In praise of common Americans
KARACHI, Pakistan: Greg Mortenson is an American and, like our philanthropist Maulana Abdul Sattar Edhi, likes to spend his time with the underprivileged and poor without discrimination, according to the Dawn article by Safia Siddiqui on 22 November.
He represents the common man in America who is humble, kind, generous and good at heart.
He came to Pakistan to scale K2, the second highest mountain in the world, but had to abandon the climb near the top to rescue his friend below. He lost his way during the descent and wandered to a remote village, where the villagers nursed him back to health.
His hosts told him that the first cup of tea is offered to strangers, the second cup is offered to friends and those who are offered a third cup become family. For family, he was told, Pakistanis would lay down their lives.
Moved by their hospitality, he decided to open a girls’ school in that small village. He wrote 580 letters to celebrities in the United States but only received $100.
However, shortly after, he received $623 in pennies from school children in Wisconsin, inspiring him to go ahead with his plan.
Today, he has more than 120 schools to his name in remote areas of Pakistan and Afghanistan where he has been captured by the Taliban and investigated by the United States government, both wanting to know why he is educating people in Pakistan.
I had the opportunity to spend about three months in the United States in 2007. I had the chance to interact with common people at the plant where I worked, in workshops that I visited, in offices, stores and on the streets.
Most were polite, courteous, understanding, hospitable and open. Many times while traveling, I would say prayers at busy airports and malls without being stared at.
Common Americans know very little about things outside their country; some don’t even want to know what exists outside their city. For example, we wanted to take a 60-year-old specialist from Baton Rouge to Philadelphia for a business meeting. To our surprise, we discovered that he had never been on an airplane or gone outside Baton Rouge. He had not even seen New Orleans, which was just 70 miles away.
And the wife of a friend once asked me at the dinner table one evening: “Do you have coke in Pakistan?”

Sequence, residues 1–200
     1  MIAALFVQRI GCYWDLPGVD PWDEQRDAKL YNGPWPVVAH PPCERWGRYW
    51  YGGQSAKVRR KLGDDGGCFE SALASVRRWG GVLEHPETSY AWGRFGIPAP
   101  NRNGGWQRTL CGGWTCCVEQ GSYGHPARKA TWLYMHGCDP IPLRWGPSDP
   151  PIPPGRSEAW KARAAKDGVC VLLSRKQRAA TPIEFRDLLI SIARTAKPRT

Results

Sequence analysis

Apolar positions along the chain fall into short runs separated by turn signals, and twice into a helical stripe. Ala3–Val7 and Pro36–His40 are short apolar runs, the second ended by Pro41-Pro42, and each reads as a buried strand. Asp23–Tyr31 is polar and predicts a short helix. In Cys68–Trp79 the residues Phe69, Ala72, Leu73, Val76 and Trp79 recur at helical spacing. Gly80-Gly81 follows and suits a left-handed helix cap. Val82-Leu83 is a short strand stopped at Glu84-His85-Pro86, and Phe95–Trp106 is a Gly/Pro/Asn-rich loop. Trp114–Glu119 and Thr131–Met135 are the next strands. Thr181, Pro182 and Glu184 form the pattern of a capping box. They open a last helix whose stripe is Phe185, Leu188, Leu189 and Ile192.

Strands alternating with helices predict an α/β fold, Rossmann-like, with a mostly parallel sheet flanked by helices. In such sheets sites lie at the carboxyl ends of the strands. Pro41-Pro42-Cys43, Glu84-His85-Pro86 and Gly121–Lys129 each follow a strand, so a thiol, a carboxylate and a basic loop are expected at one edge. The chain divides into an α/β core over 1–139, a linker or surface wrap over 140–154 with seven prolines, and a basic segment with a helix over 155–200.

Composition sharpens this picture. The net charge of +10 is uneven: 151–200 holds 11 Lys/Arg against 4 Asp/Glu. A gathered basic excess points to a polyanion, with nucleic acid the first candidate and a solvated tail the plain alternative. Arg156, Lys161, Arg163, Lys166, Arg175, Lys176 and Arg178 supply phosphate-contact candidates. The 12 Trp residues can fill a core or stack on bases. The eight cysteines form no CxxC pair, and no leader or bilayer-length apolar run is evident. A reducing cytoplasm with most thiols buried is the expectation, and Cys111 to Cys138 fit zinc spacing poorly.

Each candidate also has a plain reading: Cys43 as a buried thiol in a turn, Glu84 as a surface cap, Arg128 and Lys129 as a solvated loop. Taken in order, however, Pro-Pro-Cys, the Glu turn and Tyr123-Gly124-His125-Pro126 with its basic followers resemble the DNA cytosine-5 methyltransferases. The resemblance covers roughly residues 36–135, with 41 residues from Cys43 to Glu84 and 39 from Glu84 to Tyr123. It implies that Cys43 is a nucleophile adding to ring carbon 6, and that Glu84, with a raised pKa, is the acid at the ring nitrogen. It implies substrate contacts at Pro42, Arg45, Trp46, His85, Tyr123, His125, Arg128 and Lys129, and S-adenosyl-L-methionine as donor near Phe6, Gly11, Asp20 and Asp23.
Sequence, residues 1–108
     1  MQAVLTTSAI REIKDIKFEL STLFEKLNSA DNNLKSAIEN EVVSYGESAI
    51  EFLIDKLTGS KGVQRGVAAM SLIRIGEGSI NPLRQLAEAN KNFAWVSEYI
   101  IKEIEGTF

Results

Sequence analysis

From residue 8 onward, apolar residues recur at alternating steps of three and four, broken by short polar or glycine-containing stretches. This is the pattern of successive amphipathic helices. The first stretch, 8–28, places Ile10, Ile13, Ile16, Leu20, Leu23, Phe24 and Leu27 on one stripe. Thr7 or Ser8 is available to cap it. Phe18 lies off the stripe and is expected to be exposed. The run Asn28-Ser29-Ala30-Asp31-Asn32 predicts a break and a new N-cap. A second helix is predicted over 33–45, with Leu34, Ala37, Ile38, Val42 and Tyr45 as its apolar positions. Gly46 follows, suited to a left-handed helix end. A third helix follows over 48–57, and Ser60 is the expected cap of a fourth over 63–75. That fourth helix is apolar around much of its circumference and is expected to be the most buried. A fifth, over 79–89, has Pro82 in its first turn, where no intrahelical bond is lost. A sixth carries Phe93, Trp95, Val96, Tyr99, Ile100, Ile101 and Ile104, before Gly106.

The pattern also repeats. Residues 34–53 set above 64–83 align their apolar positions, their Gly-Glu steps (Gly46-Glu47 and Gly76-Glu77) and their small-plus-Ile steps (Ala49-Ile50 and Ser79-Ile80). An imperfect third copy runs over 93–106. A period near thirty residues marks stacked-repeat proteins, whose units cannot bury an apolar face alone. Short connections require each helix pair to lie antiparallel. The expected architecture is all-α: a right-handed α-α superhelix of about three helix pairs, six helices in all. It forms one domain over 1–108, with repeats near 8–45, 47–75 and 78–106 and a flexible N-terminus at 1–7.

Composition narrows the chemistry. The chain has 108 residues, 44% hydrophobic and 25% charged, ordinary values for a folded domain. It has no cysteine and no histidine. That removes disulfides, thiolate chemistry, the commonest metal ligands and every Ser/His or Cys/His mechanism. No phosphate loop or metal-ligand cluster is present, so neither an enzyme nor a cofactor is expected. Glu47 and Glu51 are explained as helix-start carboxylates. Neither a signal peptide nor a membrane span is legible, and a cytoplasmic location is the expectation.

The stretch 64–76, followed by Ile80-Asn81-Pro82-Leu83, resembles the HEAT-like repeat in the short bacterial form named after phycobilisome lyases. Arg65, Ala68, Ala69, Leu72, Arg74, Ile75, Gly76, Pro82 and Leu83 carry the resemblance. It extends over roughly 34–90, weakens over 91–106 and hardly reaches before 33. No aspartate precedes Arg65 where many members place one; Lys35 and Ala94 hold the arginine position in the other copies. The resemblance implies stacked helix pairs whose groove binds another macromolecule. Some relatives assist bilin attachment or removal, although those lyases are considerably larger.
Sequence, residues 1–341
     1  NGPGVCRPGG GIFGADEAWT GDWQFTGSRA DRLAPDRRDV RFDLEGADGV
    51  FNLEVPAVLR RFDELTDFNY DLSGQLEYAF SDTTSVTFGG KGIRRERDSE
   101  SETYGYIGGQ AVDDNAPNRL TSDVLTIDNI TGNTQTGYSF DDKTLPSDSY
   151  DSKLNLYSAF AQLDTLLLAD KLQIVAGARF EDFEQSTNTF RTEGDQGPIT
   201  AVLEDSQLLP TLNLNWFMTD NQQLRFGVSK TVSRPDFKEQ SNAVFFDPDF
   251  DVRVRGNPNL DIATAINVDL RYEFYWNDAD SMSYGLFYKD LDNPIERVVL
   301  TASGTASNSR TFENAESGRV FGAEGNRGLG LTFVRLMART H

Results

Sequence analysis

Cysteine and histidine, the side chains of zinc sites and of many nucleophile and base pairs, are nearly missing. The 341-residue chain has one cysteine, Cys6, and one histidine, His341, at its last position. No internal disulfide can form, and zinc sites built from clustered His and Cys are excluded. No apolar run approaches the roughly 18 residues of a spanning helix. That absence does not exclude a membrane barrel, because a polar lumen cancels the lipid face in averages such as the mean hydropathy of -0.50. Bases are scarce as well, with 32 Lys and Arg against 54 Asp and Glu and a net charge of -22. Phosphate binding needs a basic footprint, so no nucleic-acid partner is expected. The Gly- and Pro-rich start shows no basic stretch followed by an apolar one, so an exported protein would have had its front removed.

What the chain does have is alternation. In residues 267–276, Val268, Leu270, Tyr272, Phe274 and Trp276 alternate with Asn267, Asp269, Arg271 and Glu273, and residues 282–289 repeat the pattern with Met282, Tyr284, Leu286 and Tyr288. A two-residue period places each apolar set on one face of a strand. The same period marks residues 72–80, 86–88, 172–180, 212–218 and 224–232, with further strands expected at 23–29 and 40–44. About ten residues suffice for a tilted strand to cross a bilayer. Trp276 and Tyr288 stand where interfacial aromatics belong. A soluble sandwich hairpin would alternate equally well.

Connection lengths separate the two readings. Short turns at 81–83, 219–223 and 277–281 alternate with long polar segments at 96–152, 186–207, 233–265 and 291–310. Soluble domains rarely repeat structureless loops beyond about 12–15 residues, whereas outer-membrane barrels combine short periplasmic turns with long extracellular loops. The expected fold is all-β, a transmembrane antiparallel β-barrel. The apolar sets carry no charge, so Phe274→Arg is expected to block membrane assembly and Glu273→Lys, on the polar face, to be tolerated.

Similarly, while traveling with me from London, a charming, retired schoolteacher from Houston was astonished when she heard that my daughter often talks about Oprah Winfrey. She was shocked that Pakistanis know about Oprah, especially female students.
One event that left a great impression on me happened at a gas station. We were having our car filled when a smartly dressed middle-aged man approached me and asked for a dollar. He confessed that he had just come out of jail and wanted to call his friend.
I had a five-dollar bill that I gave him. When he saw us pulling out of the gas station, he came running after the car, shouting that he wanted to return the balance, four dollars. Such were the ethics of this ex-convict in the United States.
I made many friends there, one of whom is Ken Jafferson, a source for useful engineering tips. I call him whenever I am stuck on a project. During one of my calls, I happened to catch him while he was attending a funeral.
He came out, listened to me patiently, asked couple of questions and then gave me a great solution. Only later did he tell me that he was attending a funeral.
These are real and common Americans.
Greg Mortenson is one of them. He does not share the agenda of the US government. He came as a mountaineer to conquer K2 but ended up conquering our hearts. He has won many awards, including the Sitara-i-Pakistan, the third-highest honor awarded by the Pakistani government. May he also win the Nobel Peace Prize that he has been nominated for.